We identified an excess of rare variants in genes associated with age at menarche in AN patients as compared to controls. When its number is corrected by the total number of variant identified in the exome, the difference was not significant (Table 4). However, interestingly, we identified a significant enrichment of extremely rare variants and variants in genes previously identified associated with age of menarche (i.e. TNC6CA, LAMB2 and FAAH2) (Table 4) [15]. Indeed, in 2015, Lunetta and colleagues found that five missense variants (in ALMS1, LAMB2, TNRC6A, TACR3, PRKAG1) and two X-chromosome loci (IGSF1, FAAH2) were associated with age of menarche [15]. In the present study, one AN patient carried three rare variants in these genes (p.G1225D in LAMB2, p.G1602S in TNRC6A, and p.R274C in FAAH2) and another AN patient two rare variants in TNRC6A (p.Y1681C, p.S1927C). TNRC6A encodes a trinucleotide repeat-containing gene 6A protein, a member of the trinucleotide repeat containing 6 protein family. It functions in post-transcriptional gene silencing through the RNA interference (RNAi) and microRNA pathways [23]. It associates with messenger RNAs and Argonaute proteins in cytoplasmic bodies known as GW-bodies or P-bodies [24]. Variants identified in our two AN patients (NR15, NR224) were located in the C-terminal part of the protein (amino acids 1603-1622, PABPC1-interacting motif-2), known to be important for translational repression, and may impair RNAi and microRNA-induced gene silencing affecting metabolic pathways [25]. LAMB2 encodes the Laminin subunit beta-2 protein, a member of the family of extracellular matrix glycoproteins, major non collagenous constituent of basement membranes implicated in a wide variety of biological processes including cell adhesion, differentiation, migration, signaling, and neurite outgrowth. Recently, compound heterozygous missense variants were identified in patients with congenital nephrotic syndrome, ocular abnormalities and neurodevelopmental delay [26]. Interestingly, Laminin b2 is highly expressed during pituitary development and may explain the abnormal parenchyma of the anterior pituitary gland in this patient. Taking into account the role of the hypothalamus-pituitary-adrenal axis in eating disorders, variant in LAMB2 may play a role in the biological vulnerability to ED. Finally, FAAH2 encodes the Fatty acid amide hydrolase 2 (EC, oleamide hydrolase 2, anandamide amidohydrolase 2), a member of the serine hydrolase family of enzymes. Fatty acid amide hydrolase 2 degrades endocannabinoids and defects in this enzyme have been associated with neurologic and psychiatric disorders [27]. Patient carrying the missense variant p.A458S in this gene presented hypotonia, autistic features, seizures, but also anxiety disorder, suicidal ideas and feeding difficulties. Interestingly, we previously identified a rare variant (p.H312N) at the hemizygous state in a male patient with AN [28].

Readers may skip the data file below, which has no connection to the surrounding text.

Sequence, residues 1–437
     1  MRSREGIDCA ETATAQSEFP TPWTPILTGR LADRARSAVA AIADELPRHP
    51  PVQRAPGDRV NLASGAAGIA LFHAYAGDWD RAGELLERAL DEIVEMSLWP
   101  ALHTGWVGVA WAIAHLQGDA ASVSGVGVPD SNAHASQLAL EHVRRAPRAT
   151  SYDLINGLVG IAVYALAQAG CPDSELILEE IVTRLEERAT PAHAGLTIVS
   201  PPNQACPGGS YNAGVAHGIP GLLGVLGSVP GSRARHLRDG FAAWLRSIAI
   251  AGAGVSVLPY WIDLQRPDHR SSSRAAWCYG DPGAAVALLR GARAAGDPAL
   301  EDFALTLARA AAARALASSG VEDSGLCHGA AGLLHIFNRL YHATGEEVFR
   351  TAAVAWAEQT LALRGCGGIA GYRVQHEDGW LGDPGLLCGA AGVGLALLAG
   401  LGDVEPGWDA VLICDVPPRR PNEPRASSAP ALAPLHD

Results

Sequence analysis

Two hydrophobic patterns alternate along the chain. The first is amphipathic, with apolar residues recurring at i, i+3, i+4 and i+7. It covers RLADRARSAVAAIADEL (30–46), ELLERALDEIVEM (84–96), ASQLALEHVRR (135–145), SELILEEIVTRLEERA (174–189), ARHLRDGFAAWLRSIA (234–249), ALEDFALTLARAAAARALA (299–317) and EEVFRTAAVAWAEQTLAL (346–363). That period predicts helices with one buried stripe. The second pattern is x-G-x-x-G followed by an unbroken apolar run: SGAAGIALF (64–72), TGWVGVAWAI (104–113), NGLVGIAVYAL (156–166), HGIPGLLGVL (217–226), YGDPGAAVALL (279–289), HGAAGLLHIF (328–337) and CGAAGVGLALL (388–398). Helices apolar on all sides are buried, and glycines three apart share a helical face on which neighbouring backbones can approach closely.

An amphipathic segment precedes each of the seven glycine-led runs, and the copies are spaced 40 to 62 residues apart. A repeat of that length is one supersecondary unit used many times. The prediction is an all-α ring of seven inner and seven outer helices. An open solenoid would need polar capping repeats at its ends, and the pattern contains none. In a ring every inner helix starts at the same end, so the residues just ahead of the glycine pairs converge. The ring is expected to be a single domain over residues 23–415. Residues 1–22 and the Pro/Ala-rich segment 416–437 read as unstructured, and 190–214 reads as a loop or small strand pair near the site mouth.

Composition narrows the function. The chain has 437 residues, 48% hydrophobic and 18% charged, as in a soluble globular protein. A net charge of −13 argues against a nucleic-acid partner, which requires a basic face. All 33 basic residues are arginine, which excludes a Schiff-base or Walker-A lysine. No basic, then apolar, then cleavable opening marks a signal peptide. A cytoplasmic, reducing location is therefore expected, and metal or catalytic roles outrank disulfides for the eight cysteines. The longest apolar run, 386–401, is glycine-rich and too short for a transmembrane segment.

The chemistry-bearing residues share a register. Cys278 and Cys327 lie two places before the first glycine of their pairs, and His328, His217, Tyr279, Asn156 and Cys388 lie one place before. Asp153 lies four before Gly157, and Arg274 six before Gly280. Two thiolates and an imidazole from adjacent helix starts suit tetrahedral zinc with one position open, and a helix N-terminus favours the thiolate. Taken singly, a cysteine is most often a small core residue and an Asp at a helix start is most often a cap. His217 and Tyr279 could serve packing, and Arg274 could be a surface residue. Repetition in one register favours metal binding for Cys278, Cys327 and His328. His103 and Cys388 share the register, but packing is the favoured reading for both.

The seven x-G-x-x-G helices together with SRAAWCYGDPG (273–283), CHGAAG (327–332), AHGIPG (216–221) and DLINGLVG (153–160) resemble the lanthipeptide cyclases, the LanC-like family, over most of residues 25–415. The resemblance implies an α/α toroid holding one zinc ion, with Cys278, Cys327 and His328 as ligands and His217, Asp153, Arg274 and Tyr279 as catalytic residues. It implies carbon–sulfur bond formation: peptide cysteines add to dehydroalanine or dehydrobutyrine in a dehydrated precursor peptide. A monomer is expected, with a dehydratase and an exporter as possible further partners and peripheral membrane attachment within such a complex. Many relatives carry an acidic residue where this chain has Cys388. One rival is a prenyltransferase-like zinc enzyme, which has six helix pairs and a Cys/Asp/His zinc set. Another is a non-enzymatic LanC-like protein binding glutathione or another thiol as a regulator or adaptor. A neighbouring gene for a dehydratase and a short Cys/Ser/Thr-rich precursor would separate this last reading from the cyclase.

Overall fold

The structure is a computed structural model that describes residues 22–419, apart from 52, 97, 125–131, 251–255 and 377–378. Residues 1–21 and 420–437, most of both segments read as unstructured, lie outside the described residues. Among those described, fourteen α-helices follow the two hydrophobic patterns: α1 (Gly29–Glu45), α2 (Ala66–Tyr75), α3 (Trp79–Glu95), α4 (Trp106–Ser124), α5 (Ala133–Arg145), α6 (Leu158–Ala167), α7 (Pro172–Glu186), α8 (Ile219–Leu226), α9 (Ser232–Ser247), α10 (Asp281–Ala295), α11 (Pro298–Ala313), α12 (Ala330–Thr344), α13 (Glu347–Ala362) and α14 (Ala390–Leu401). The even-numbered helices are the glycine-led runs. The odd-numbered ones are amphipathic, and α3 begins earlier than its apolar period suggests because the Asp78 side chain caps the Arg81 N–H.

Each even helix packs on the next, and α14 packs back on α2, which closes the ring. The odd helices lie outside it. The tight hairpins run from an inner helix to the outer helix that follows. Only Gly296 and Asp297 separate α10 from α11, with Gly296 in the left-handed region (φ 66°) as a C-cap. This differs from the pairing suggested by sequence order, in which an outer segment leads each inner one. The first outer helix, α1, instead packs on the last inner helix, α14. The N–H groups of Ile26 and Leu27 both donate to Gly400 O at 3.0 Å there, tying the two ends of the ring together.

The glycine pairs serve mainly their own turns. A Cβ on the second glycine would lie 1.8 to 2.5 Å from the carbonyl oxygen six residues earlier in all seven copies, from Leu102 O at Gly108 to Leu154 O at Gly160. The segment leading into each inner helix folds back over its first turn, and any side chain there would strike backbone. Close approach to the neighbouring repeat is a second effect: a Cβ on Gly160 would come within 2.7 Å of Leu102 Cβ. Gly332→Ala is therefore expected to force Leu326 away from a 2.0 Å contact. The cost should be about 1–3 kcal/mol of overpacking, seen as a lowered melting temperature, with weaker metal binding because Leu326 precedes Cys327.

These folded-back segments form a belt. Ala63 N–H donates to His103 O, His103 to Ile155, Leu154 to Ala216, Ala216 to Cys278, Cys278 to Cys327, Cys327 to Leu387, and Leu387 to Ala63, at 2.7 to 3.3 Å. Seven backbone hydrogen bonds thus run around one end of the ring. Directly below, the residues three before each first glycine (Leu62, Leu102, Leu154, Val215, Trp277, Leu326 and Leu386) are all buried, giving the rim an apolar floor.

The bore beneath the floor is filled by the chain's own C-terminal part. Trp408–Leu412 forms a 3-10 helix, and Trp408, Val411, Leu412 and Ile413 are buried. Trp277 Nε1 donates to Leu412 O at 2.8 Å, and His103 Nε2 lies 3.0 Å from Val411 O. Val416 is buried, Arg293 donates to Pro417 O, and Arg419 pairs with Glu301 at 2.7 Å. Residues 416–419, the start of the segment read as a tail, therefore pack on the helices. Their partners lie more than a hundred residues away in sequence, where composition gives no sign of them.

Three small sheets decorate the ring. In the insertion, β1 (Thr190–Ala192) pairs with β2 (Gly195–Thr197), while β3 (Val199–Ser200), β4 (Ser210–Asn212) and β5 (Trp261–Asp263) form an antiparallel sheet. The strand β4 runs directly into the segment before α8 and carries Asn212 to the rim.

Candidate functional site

Anorexia nervosa (n=10)